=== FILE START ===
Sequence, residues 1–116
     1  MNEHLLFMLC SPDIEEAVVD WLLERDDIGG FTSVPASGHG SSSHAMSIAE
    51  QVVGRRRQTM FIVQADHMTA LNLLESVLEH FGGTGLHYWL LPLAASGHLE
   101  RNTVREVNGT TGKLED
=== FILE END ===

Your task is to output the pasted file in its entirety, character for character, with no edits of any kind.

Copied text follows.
Sequence, residues 1–116
     1  MNEHLLFMLC SPDIEEAVVD WLLERDDIGG FTSVPASGHG SSSHAMSIAE
    51  QVVGRRRQTM FIVQADHMTA LNLLESVLEH FGGTGLHYWL LPLAASGHLE
   101  RNTVREVNGT TGKLED